The Chicago Bears have made commitments to quarterbacks Mike Glennon (for the short term) and Mitch Trubisky (for the long haul), but it doesn’t mean they wouldn’t have their eyes on a quarterback in the 2018 NFL Draft.
Sunday’s game against the Pittsburgh Steelers is an important one as the Bears look to get in the win column for the first time in 2017, but a loss would put the team in the driver’s seat for some prime draft position. Over at The Big Lead, Jason McIntyre sizes up the competition for the No. 1 overall pick and a shot at taking Sam Darnold, the USC quarterback who is projected to go No. 1 if he decides to forgo his final year of college eligibility.
While the Bears might not have a direct interest in Darnold, they are one of six winless teams who could upset the draft order if they fall off worse than other top pick contenders. If the consolation prize for a third straight losing season under head coach John Fox is a shot at the top pick and top quarterback prospect, GM Ryan Pace could receive quite the bounty in return.
Or the Bears could think outside the box and grab a player with a bit more upside and generate an actual open quarterback competition.
The options are endless at this point of the college (and pro) football seasons, but there’s no better time to dream than now.
- While we’re dreaming on the draft – even if it’s only momentarily – Matt Miller of Bleacher Report recently released his first big board of the season. It features Darnold as the top quarterback, but that’s not the only name worth keeping track of if you’re interested in college football and potential Bears targets in the 2018 draft. There are four defensive players in Miller’s top-10 and four receivers among the top 18. As the Bears season unfolds, we’ll get a better idea of what their future needs will be, but there’s no doubting the team could use upgrades at receiver, edge rusher, and in the secondary.
- Last week, we highlighted Deon Cain – a Clemson receiver whose name popped up in an early mock draft. Miller has Cain ranked 17th on his board and lists him as the most pro ready receiver. However, the guy worth keeping tabs on is receiver Calvin Ridley, someone we’ll see often because he plays on Alabama. Miller writes Ridley has the best hands, is the best route runner, and best boundary receiver of his draft class. Sounds like a player the Bears could use right now.
- As for the receivers who are currently active on the Bears roster, one is expected to provide a positive impact upon arrival. Markus Wheaton is scheduled to make his Bears debut against his former team and it comes at a time where the team needs him the most. JJ Stankevitz of CSN Chicago warns that while Wheaton isn’t the kind of instant fix that changes everything, his presence can help. Ben Roethlisberger, Wheaton’s former teammate, raved about the receivers hands and skills from their time together in Pittsburgh. We haven’t seen much of it in Chicago because pinkie surgery and an earlier appendectomy have kept Wheaton off the practice field and out of game action since the preseason. Expectations should be tempered for Wheaton, but he’s arguably the most intriguing pass catcher the Bears have on their roster.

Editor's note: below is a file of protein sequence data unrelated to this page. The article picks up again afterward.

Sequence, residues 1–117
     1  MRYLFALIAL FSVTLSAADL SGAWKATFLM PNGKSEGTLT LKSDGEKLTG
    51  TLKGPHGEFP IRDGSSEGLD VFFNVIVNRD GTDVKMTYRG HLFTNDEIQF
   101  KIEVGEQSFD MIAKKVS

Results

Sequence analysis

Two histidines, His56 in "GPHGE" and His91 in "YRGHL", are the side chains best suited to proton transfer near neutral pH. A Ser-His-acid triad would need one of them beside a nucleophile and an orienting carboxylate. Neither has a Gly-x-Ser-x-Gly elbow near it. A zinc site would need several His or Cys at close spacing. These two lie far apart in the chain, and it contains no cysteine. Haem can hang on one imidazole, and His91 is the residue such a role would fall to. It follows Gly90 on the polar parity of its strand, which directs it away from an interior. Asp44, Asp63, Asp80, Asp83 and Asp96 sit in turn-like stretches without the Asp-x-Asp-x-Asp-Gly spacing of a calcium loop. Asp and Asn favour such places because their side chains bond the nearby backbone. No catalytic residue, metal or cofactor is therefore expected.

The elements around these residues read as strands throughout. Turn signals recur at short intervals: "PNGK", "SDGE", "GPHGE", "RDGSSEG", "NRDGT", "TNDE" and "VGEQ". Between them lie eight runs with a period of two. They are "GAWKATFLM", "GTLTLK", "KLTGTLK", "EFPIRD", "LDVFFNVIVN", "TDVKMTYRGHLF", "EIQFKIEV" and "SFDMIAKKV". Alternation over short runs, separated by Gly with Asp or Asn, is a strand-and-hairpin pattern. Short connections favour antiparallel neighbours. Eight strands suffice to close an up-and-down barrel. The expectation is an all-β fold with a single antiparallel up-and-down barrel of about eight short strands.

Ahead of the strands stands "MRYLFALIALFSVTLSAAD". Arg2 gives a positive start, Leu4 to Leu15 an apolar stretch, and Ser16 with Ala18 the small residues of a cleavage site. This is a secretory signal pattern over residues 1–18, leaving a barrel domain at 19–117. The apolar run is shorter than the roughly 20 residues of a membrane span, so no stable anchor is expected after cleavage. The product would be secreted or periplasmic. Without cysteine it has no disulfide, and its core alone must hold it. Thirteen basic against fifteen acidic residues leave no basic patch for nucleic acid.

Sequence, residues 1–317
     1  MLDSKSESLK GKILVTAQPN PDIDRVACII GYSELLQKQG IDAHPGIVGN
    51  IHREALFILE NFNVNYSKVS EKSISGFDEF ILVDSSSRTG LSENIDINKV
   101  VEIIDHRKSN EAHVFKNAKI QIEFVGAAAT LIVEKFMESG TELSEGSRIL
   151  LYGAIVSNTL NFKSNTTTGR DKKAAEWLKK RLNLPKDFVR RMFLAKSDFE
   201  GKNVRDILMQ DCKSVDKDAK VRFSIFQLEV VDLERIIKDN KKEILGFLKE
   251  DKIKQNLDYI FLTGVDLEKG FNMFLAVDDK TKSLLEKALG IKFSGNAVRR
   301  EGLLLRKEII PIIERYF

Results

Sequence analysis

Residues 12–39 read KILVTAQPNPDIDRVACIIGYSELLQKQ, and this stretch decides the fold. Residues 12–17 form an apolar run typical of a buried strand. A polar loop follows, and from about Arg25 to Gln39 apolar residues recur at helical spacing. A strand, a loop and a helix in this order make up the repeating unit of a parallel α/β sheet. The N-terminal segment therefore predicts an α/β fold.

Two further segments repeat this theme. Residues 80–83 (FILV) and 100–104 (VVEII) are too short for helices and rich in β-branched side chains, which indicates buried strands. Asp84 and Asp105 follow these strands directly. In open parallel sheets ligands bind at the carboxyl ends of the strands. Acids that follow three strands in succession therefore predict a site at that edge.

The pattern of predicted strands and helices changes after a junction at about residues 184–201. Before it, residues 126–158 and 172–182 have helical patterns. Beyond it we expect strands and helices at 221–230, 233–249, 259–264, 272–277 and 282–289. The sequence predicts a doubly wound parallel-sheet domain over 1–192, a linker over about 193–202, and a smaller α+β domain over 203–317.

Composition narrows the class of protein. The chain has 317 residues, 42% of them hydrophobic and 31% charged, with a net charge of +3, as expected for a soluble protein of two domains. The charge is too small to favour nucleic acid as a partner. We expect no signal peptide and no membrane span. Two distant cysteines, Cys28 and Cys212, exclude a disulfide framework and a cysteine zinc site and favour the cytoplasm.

- One player who could state his case for that particular title is tight end Zach Miller, who could be worthy of getting a start in your team’s fantasy lineup if you need last-minute help at the position. Miller’s 72 pass snaps are the fifth most among NFL tight ends and his 88 total snaps are more than starter Dion Sims. If Glennon’s passes continue to make up 70.8 percent of the Bears’ offensive plays, Miller’s production could be a pleasant surprise.
- It would be nice to see the passing game aid the rushing attack for a change. Chris Emma of CBS Chicago writes it’s on Glennon to pry open the running game by airing it out when he drops back. Maybe it’s just me, but it feels as if the odds of that happening are slim. Emma notes Glennon has completed just 21 passes of 30+ yards – with 13 being hauled in by noted deep threats Mike Evans and Vincent Jackson. Still, the Glennon has attempted two such passes and the Bears offense has focused on attacking the middle with short and intermediate routes that have come with minimal yards after the catch. The offense has been predictable and defenses have made pass catchers and ball carriers pay. It’s about time to mix it up, isn’t it?
- Unfortunately, there is no magic formula to fix running back Jordan Howard. The second-year back hasn’t looked like the Pro Bowl caliber back who gained 1,313 yards last year and had his eyes set on snatching Ezekiel Elliott’s rushing crown in 2017. ESPN Chicago’s Jeff Dickerson writes the Bears insist Howard is running the same way, but the numbers don’t bear it out so far. Howard has just 59 yards on 22 rushes through two games, and 2.7 yards per rush ranks 39th among running backs. The offensive line in front of him has decimated with injuries, but Kyle Long figures to return today and could help things.
- On the defensive side of the ball, Kyle Fuller might be in search of a new fit with Prince Amukamara’s return. Fuller has played on 96.9 percent of the Bears’ defensive snaps, but all he has to show for it is a lowly 46.6 grade from Pro Football Focus. JJ Stankevitz of CSN Chicago explores Fuller’s potential future fit with Amukamara sliding into his rightful spot at starting corner. With Bryce Callahan’s emergence and early season excellence in the slot, Fuller’s playing time is in danger of taking a sharp decline.